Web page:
A new test that may allow for the elimination of individual animals for Mycoplasma bovis rather than whole herds is expected to change the impact of the disease on New Zealand farmers.
NZ-based biotechnology company Pictor Limited has launched the M bovis test for global markets.
Pictor chief operating officer Steve Richardson said development of the test is complete. It has been externally validated in NZ and Australian labs and is ready for use on NZ farms.
The launch of the Pictor PictVet Mycoplasma bovis Multiplex ELISA kit comes at a time when new active cases of M bovis have been found in Canterbury.
Richardson said the new test will provide a better solution for NZ farmers and NZ tax payers. “We believe we have a better solution to save heartache, money and the M bovis programme a significant amount of money.”
He said M bovis “is not eradicated when new cases are still coming up. We need to do something because we believe we have a better solution for farmers and that’s what we are primarily interested in.
“Our test is 100% NZ developed and 100% NZ manufactured versus a European-based inferior test. It is also cheaper and much more accurate.”
All detail and materials for the test, together with a full submission, have been with the Ministry for Primary Industries since October.
Pictor managing director Jamie Platt said the test that has been extensively validated in 5000 samples, including bulk tank milk, serum, and individual milk specimens.
“We have completed rigorous internal and external validation trials in NZ and Australia before launching the test.
“In side-by-side studies with tests currently used in both Australia and NZ markets, our test has shown superior analytical performance, particularly in bulk tank milk, which is typically used as the primary screening method,” Platt said.
Chief science officer at Pictor Yoichi Furuya said the Pictor PictVetmultiplex ELISA achieves superior performance by using three different antigens for detection, each optimised for the most commonly tested sample types.
“We believe that with the use of our M bovis test, farmers and testing agencies could potentially eliminate individual animals rather than entire herds.
“This approach not only reduces stress on farmers but also helps minimise costs associated with control programmes.”
The manufacturing partner for the Pictor PictVetMultiplex ELISA Kit is Timaru-based South Pacific Sera.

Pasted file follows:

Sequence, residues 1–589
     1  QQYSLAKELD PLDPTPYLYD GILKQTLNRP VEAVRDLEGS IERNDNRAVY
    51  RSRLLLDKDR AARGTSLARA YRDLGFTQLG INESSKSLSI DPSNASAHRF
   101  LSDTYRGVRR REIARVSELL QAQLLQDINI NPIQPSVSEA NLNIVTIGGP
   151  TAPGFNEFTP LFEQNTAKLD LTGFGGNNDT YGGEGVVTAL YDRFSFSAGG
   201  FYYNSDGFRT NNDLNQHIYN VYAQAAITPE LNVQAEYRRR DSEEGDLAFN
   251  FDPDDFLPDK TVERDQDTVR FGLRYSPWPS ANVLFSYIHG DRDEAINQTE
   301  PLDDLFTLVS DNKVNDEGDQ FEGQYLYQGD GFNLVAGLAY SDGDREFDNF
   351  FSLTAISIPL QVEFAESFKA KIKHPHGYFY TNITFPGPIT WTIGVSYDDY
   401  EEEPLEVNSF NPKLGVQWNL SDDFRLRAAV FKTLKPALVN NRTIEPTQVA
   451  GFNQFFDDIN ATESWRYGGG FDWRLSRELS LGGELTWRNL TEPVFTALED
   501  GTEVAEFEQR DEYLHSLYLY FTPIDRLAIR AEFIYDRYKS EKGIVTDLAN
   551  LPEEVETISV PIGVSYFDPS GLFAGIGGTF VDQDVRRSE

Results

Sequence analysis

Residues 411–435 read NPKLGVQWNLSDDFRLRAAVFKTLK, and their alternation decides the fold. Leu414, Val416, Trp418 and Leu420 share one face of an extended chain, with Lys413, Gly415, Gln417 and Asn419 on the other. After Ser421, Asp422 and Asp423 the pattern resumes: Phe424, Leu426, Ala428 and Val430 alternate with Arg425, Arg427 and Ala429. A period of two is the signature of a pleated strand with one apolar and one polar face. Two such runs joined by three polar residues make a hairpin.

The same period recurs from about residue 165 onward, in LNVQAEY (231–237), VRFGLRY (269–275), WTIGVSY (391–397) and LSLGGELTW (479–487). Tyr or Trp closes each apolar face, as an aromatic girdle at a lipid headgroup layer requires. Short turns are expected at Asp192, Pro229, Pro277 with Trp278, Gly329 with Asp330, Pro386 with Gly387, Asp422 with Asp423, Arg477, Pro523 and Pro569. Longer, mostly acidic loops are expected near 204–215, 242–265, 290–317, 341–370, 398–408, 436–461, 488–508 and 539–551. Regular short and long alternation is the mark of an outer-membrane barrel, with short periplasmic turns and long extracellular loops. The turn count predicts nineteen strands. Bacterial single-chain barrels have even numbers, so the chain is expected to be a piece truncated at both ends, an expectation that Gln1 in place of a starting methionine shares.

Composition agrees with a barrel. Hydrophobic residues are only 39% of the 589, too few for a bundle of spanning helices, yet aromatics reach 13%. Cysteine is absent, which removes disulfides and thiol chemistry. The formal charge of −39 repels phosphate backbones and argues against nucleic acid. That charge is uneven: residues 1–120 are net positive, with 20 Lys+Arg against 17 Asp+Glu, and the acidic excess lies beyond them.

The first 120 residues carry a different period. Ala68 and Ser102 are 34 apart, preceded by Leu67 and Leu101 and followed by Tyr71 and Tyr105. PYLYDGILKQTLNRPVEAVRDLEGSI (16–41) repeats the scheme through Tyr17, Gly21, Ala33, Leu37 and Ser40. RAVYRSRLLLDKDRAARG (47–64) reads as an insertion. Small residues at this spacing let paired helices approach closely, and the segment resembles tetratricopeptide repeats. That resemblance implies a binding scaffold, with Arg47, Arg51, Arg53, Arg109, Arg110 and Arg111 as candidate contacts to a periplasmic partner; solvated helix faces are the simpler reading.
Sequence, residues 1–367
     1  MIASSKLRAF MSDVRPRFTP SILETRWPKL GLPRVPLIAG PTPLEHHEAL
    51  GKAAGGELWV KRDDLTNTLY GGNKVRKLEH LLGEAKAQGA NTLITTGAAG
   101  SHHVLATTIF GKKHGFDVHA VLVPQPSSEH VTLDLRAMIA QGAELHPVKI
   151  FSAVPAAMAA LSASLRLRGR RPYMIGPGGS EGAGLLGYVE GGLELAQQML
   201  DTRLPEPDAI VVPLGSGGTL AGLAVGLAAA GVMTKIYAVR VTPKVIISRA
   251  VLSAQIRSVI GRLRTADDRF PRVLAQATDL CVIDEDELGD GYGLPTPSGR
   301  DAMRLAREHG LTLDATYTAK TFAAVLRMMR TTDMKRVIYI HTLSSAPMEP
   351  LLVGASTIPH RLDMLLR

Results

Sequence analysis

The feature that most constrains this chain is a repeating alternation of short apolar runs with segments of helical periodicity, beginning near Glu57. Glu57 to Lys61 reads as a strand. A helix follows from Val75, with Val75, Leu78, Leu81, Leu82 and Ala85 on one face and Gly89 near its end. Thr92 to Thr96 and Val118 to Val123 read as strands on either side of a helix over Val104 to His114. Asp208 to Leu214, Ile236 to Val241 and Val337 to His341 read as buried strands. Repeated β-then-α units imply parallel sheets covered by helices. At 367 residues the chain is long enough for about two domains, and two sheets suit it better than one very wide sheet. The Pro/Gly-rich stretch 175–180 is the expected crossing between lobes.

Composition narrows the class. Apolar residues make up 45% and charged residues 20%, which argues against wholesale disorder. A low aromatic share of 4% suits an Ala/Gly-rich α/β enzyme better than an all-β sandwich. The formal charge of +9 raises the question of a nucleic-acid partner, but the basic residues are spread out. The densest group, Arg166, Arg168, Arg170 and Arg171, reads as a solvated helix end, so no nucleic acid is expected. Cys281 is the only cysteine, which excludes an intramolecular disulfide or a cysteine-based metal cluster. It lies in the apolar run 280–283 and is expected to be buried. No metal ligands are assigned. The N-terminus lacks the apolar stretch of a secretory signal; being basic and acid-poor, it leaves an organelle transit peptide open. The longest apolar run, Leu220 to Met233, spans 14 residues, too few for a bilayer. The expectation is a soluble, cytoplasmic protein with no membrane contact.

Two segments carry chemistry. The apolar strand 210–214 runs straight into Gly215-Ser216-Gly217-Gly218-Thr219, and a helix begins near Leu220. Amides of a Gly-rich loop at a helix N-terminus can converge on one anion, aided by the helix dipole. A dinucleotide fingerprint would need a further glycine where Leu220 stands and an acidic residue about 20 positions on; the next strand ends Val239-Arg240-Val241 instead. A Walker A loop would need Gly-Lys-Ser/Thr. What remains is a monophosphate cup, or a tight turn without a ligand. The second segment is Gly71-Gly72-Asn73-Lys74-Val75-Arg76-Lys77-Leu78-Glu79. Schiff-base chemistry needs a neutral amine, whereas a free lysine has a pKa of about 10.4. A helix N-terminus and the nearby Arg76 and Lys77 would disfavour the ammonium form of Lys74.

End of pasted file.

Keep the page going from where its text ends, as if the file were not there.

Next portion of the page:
South Pacific Sera co-founder and production director William Rolleston said his company is proud to apply its expertise and quality production systems to this Pictor project and the fight against M bovis.
The new PictVet Mycoplasma bovis Multiplex ELISA kit is currently being launched in multiple markets including Australia, the United States and NZ.
Meanwhile a new M bovis-infected property, a dairy farm in the Selwyn district of Canterbury, brings the number of currently active confirmed properties to two.
The MPI reports that depopulation, cleaning and disinfection and the 60-day standdown period for both active confirmed properties are expected be completed early this year.
Ospri’s general manager for disease control planning and integration, Simon Andrew, said finding further infection in the tail end of an outbreak is not uncommon and it has been previously signalled that more properties could be found.
“It is possible more properties will be confirmed infected in the coming months.”
The new infected farm neighbours the earlier confirmed property and was identified following routine testing.
Initial indications suggest the strain of the latest infection is ST-21, the strain originally detected in 2017 and associated with most recent infections.
Andrew said alongside farmers and the programme’s industry partners Beef and Lamb NZ and DairyNZ, the M.bovis Programme has continued to make significant progress and this development doesn’t change the approach.
The number of infected properties has fallen to very low levels and it is expected that in coming years the major activity of the Programme will be national surveillance of NZ’s cattle herd.
To adapt to the change in focus of work, the delivery of the disease control and operational functions of the Programme recently moved from MPI to disease-management agency OSPRI.
The Programme continues to be led by its programme partners under a government industry agreement.